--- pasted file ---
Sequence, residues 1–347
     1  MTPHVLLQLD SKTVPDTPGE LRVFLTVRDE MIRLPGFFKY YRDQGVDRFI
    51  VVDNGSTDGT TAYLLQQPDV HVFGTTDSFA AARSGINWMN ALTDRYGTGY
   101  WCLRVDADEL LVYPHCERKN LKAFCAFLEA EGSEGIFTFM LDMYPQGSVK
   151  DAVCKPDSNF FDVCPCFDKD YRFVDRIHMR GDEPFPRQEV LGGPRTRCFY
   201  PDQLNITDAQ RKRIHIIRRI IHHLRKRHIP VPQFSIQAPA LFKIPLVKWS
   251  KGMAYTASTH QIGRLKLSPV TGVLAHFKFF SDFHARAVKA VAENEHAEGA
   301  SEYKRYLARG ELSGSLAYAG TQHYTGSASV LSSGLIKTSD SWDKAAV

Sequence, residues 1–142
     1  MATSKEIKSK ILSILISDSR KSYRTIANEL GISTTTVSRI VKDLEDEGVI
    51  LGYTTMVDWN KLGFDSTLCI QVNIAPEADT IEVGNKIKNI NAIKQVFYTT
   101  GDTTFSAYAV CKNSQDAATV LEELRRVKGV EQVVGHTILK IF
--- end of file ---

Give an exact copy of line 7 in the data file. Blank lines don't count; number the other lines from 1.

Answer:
   251  KGMAYTASTH QIGRLKLSPV TGVLAHFKFF SDFHARAVKA VAENEHAEGA